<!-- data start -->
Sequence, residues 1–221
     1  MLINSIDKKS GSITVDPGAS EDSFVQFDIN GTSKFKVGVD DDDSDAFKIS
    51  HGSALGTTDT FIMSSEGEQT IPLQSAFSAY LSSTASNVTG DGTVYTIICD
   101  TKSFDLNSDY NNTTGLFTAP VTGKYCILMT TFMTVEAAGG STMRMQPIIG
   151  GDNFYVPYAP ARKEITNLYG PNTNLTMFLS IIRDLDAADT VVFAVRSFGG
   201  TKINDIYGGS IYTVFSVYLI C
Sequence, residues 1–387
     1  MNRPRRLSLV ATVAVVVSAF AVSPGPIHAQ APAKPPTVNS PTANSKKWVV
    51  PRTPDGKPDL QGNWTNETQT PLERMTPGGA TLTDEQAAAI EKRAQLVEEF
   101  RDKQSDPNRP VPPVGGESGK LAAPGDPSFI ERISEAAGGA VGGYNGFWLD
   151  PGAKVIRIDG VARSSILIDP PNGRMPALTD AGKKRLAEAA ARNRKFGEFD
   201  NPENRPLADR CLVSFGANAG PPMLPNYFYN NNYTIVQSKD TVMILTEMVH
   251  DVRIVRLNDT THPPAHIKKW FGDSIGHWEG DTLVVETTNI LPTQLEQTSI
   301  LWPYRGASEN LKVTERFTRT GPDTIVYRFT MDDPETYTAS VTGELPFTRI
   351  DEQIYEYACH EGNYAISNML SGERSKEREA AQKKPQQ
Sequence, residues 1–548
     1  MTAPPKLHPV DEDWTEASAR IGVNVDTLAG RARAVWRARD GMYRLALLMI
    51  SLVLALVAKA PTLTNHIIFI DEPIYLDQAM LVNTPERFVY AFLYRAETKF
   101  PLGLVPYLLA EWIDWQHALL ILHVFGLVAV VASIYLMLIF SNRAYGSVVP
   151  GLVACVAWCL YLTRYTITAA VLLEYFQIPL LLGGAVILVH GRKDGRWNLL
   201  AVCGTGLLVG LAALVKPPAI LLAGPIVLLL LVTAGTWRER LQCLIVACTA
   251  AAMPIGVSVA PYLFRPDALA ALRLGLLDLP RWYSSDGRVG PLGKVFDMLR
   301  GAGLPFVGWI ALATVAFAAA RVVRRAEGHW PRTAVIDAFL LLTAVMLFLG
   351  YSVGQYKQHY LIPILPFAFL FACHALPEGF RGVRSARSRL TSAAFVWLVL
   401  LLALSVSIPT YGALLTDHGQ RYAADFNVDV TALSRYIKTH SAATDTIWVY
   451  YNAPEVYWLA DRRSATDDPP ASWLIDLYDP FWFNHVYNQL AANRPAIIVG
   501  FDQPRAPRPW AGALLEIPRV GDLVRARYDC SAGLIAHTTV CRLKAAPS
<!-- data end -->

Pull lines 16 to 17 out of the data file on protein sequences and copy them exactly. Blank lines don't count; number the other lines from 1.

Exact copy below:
Sequence, residues 1–548
     1  MTAPPKLHPV DEDWTEASAR IGVNVDTLAG RARAVWRARD GMYRLALLMI